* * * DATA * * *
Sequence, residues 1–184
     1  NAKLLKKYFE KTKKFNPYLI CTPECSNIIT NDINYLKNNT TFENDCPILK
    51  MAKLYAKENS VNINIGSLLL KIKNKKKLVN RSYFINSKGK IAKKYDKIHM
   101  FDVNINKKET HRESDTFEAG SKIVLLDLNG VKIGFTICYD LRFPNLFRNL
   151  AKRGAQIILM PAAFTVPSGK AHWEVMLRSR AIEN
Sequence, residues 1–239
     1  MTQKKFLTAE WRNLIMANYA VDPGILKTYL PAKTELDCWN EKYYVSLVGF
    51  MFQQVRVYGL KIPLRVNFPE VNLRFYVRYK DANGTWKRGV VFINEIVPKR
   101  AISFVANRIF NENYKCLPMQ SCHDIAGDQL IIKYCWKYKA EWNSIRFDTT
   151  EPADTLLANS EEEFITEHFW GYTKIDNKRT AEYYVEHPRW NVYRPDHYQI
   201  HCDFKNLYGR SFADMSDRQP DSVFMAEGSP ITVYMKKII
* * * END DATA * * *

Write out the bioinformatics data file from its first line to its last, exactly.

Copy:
Sequence, residues 1–184
     1  NAKLLKKYFE KTKKFNPYLI CTPECSNIIT NDINYLKNNT TFENDCPILK
    51  MAKLYAKENS VNINIGSLLL KIKNKKKLVN RSYFINSKGK IAKKYDKIHM
   101  FDVNINKKET HRESDTFEAG SKIVLLDLNG VKIGFTICYD LRFPNLFRNL
   151  AKRGAQIILM PAAFTVPSGK AHWEVMLRSR AIEN
Sequence, residues 1–239
     1  MTQKKFLTAE WRNLIMANYA VDPGILKTYL PAKTELDCWN EKYYVSLVGF
    51  MFQQVRVYGL KIPLRVNFPE VNLRFYVRYK DANGTWKRGV VFINEIVPKR
   101  AISFVANRIF NENYKCLPMQ SCHDIAGDQL IIKYCWKYKA EWNSIRFDTT
   151  EPADTLLANS EEEFITEHFW GYTKIDNKRT AEYYVEHPRW NVYRPDHYQI
   201  HCDFKNLYGR SFADMSDRQP DSVFMAEGSP ITVYMKKII